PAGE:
Children love routines. They love doing the same little rituals every day. My daughter’s morning routine involves waking us up at 7am (on the dot!), climbing into our bed for a cuddle, and then climbing into her little brothers’ cribs to play. Our Saturday routine in the summer involves taking our daughter to the Soccer4U program with the Aurora Youth Soccer Club, then heading off to the Aurora Farmer’s Market for some sweets. Like children we also love our routines. My morning routine always involves coffee. We all love routines because the activities are familiar, we know what to expect next and they help us relax. Sometimes these routines seem silly, but I have fond memories of some of my routines as a child. On weekends I would wake my parents up, my dad would carry me downstairs on his shoulders and we’d make my mom breakfast in bed. Now if only my kids would do that every weekend! Regardless of what your family’s routines are, they are a great way to bond with your children and create lasting memories.
Routines are especially useful at bedtime because not only do they help us relax, but they send a message to the brain that sleep is coming next. This helps us get nice and drowsy even before we get into bed. If you have a child that resists bedtime or has a hard time falling asleep at night, a good bedtime routine will really help them drift off to sleep more easily.
Here is a list of things that should be considered when forming your child’s bedtime routine.
1. Include gentle, relaxing activities
You need to create a nice relaxing bedtime routine to help your little one drift off to sleep. Your routine could include activities like:
- A nice warm bath
- Brushing their teeth
- Bedtime stories
- Singing songs
- Playing soft music
- Talking about your day
- Prayer time
- Getting a glass of water
- Saying goodnight to their toys
Choose a few activities off the list that your child will enjoy. Bedtime routines don’t need to be any longer than 45 minutes so don’t let your children drag it out just to delay bedtime.
2. Keep your bedtime routine consistent
Once you decide on a good bedtime routine, try to keep it consistent every day. Your child will enjoy being actively involved in each step of the routine. As the routine becomes more familiar, they will begin to associate their bedtime routine with bedtime, and will naturally become sleepy.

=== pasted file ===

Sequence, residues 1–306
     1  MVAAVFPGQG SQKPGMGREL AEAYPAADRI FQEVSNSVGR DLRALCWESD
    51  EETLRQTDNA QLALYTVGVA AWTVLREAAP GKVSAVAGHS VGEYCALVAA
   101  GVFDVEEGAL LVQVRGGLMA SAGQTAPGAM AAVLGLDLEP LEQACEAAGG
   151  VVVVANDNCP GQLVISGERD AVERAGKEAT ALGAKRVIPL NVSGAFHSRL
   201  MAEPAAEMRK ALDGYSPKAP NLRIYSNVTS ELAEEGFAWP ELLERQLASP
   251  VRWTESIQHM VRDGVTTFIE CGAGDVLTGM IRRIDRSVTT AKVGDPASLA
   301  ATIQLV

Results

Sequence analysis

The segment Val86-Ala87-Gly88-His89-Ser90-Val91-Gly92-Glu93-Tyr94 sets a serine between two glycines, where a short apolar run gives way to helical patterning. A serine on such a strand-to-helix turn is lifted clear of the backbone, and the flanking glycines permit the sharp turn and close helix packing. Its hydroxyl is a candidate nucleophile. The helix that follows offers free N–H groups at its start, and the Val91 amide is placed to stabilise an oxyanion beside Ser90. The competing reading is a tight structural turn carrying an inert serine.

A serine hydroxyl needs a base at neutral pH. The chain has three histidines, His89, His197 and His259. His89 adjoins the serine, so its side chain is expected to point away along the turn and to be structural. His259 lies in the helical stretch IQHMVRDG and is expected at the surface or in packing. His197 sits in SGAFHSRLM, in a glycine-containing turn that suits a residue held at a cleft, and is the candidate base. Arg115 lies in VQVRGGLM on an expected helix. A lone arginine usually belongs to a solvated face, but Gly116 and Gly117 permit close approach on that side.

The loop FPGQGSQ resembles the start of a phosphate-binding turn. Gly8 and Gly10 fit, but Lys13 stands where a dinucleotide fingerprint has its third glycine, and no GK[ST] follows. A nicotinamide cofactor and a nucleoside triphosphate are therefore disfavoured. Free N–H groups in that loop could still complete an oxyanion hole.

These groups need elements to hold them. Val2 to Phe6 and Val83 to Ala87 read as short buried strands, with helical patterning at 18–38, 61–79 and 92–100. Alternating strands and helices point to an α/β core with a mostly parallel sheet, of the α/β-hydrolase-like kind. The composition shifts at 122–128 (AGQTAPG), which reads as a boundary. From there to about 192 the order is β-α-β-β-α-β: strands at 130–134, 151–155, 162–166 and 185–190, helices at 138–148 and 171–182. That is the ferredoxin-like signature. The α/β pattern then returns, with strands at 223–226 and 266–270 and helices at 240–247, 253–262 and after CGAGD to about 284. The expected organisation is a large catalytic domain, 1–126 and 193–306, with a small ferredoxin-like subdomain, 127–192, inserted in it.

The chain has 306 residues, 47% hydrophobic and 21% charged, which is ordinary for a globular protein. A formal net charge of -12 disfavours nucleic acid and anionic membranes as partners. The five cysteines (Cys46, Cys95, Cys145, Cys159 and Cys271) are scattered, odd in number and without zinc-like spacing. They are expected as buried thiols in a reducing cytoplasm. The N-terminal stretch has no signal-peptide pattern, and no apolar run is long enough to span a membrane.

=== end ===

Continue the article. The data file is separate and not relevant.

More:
3. Exclude electronics or high energy activities before bedtime
It’s important to turn off all electronics one hour before bed. Studies show that if children watch TV, play video games, or use the computer before bedtime, it becomes much more difficult to fall asleep. The blue light emitted from these electronics suppress the production of melatonin, which is like our body’s natural sleeping pill.
It’s also important to exclude high energy activities right before bedtime. Avoid having your children participate in vigorous exercise or rough housing during their bedtime routine. These activities won’t tire your children out; they will only rile them up and increase their body’s temperature which will make it harder to fall asleep.
4. Set a timer
If your child’s bedtime routine often goes longer than planned, set a kitchen timer so that you both know when it’s time to sleep. This will also help make sure your child goes to sleep at the proper time before becoming overtired. Once they become overtired, they have an increase in cortisol and adrenaline which is what gives them that second wind.
5. Avoid curtain calls
If your child’s behaviour closely resembles a “jack-in-the-box” at bedtime and they are constantly getting out of bed, try to anticipate what they might ask for. Before the timer goes off, get them a glass of water, give them another hug, and make sure you give them lots of opportunities to “tell you one more thing” before it’s time for lights out.
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